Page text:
Case Report | Open Access
Dylan Dean, "Perirectal Abscess Masquerading as Cauda Equina Syndrome in an Otherwise Healthy 12-Year-Old Child", Case Reports in Emergency Medicine, vol. 2014, Article ID 817124, 3 pages, 2014. https://doi.org/10.1155/2014/817124
Perirectal Abscess Masquerading as Cauda Equina Syndrome in an Otherwise Healthy 12-Year-Old Child
A 12-year-old boy was brought to an urgent care center for fever, back pain, and abnormal gait. In addition to back pain, the patient was found to be persistently febrile but also had decreased perianal sensation and bowel incontinence. He was therefore referred to the emergency department where his back pain improved without medication but he was still febrile with bowel incontinence and persistently decreased perianal sensation. An MRI was ordered to evaluate possible cauda equina syndrome and revealed a perirectal abscess. The child ultimately underwent an exam under anesthesia with pediatric surgery and had a drain placed. This case highlights a unique presentation of perirectal abscess masquerading as cauda equina syndrome. A discussion of important considerations in emergency room diagnosis and management is presented.
Cauda equina syndrome due to epidural abscess should be high in the differential diagnosis of patients presenting with fever, back pain, decreased perianal sensation, and bowel incontinence but other disease processes can masquerade as this spinal cord pathology. Presented is to our knowledge the only case of a perirectal abscess in a preadolescent child presenting with exam findings suggestive of cauda equina syndrome.
2. Case Presentation
A 12-year-old otherwise healthy boy was referred from an urgent care center to our emergency department for fever and back pain. Per telephone report from the referring facility, the child had had a few days of leg pain and lumbar spine pain and was febrile to 102°F. A rectal exam was performed during which the child was reportedly incontinent of “bloody-brown stool.”
The patient arrived by ambulance to our emergency department in no acute distress. He complained of bilateral lower leg pain over the past week that had started laterally in his left hip, was achy, radiated to his lower legs but not to his feet, and was worse with movement and better somewhat with rest. His mom reported that he had abnormal gait. By the day of evaluation, he had developed focal lower back pain that was achy, sometimes sharp, worse with movement and sitting but better when supine. He had also been febrile to 101°F at home prompting his mother to bring him to urgent care. He had had no urinary retention associated with his back pain although he did have the above reported bowel incontinence. The patient stated that he could not feel the rectal exam at the urgent care center nor sense that he had been incontinent of stool until he was told that he had been so. Of note, he emphasized that his leg pain had almost completely resolved after digital rectal examination but that his back pain, although improved, was still present. He had had some loose stools in the past two days.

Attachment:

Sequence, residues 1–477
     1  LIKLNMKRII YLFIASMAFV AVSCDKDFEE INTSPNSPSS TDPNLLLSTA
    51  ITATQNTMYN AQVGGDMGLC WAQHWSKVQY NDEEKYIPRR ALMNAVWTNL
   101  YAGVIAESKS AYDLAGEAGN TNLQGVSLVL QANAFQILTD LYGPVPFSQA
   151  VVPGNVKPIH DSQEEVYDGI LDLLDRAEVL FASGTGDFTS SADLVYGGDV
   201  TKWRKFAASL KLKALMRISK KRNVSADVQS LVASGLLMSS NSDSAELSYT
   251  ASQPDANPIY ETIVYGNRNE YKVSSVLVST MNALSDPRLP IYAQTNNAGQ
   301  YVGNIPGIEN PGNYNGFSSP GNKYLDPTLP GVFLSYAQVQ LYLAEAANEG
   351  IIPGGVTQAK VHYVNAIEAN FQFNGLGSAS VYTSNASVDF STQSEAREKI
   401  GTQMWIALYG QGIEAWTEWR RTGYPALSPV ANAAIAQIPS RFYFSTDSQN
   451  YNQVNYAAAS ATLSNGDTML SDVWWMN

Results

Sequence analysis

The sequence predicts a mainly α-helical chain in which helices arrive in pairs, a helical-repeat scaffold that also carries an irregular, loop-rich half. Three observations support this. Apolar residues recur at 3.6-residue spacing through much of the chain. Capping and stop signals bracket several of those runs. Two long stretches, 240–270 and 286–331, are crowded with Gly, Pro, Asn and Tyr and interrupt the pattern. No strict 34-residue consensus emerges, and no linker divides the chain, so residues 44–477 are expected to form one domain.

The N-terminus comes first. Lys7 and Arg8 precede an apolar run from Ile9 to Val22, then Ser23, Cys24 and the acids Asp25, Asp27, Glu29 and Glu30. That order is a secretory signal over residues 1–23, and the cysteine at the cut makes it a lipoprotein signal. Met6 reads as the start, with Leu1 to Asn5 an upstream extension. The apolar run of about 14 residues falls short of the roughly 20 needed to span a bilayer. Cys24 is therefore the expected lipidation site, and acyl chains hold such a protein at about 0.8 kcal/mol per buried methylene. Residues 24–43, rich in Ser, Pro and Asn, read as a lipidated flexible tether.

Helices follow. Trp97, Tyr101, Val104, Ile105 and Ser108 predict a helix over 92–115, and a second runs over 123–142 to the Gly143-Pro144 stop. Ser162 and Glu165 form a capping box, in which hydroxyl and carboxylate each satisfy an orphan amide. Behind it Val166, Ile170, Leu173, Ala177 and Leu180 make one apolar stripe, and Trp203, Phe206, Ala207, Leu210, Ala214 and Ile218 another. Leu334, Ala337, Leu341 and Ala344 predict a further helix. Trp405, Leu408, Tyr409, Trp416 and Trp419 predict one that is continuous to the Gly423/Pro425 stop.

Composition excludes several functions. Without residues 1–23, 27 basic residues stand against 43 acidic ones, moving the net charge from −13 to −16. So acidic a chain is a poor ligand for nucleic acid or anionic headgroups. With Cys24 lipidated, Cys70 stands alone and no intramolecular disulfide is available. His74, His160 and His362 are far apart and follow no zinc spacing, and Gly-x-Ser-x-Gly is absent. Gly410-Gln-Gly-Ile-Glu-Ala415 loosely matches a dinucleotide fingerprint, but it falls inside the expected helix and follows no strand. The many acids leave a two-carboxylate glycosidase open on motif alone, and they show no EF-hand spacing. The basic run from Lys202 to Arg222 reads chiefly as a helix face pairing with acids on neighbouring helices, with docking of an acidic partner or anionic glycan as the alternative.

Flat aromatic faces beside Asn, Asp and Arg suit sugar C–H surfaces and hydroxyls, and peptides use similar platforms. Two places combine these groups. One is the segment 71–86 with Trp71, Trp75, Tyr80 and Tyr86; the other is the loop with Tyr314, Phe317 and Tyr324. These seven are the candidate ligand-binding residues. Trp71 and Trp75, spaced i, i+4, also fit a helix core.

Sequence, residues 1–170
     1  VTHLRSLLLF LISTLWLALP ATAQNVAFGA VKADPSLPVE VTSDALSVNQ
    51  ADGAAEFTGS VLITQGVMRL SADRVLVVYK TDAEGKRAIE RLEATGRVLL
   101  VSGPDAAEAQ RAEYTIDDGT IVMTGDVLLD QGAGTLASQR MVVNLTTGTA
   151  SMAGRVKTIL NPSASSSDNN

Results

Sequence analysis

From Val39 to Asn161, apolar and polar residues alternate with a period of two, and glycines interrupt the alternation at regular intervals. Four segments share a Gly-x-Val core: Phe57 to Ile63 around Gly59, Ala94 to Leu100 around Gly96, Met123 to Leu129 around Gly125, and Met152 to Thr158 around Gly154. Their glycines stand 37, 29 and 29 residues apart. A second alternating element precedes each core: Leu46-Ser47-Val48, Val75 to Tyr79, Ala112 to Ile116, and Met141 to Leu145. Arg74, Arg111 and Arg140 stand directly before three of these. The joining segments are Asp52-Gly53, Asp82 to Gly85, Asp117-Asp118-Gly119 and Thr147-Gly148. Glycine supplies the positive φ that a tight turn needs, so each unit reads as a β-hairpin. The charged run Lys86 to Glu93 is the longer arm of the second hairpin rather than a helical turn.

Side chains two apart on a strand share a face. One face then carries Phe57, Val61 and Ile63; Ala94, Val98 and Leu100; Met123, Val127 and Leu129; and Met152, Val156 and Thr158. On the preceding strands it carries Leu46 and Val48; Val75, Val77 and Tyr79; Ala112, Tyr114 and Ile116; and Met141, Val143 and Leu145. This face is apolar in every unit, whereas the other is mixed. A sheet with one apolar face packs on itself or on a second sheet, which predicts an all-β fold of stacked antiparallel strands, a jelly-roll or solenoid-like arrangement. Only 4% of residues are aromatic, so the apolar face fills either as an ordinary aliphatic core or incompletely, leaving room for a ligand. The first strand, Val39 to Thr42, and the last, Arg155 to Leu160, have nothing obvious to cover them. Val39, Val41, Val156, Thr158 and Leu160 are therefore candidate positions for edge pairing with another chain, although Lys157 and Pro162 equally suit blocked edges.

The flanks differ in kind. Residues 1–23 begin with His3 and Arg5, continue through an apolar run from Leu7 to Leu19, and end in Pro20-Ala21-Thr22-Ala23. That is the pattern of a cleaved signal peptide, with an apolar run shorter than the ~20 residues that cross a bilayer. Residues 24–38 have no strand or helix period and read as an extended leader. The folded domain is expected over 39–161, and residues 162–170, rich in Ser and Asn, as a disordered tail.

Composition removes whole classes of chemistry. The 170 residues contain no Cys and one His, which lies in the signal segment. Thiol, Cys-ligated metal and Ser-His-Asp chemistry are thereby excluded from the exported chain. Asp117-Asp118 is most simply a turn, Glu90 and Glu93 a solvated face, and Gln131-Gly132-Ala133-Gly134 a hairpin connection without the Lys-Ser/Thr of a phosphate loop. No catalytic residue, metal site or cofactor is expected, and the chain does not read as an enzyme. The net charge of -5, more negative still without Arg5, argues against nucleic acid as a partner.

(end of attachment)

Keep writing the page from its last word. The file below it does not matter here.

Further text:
After being triaged to an acute care room, the patient’s initial vital signs were Temp 37.1°C, HR 95, BP 103/57, RR 12, O2 sats 96% on room air. He was generally well-appearing and thin. His head/eyes/ears/nose/throat exams were normal. He had no neck pain, stiffness, or meningismus, and he had normal cardiovascular and pulmonary exams. His abdomen was soft and nontender. He had no costal-vertebral angle tenderness to palpation but did complain of midline low back pain to palpation. His arms and legs were without acute abnormality. He had no abnormal skin findings. His neurologic examination was notable for increased tone in his quadriceps bilaterally although he was able to relax with significant coaching. Otherwise, he had a normal cranial nerve exam, normal gait, normal toe and heel walking, 5/5 motor strength proximally and distally throughout, normal sensation to light touch throughout, normal speech, no dysmetria.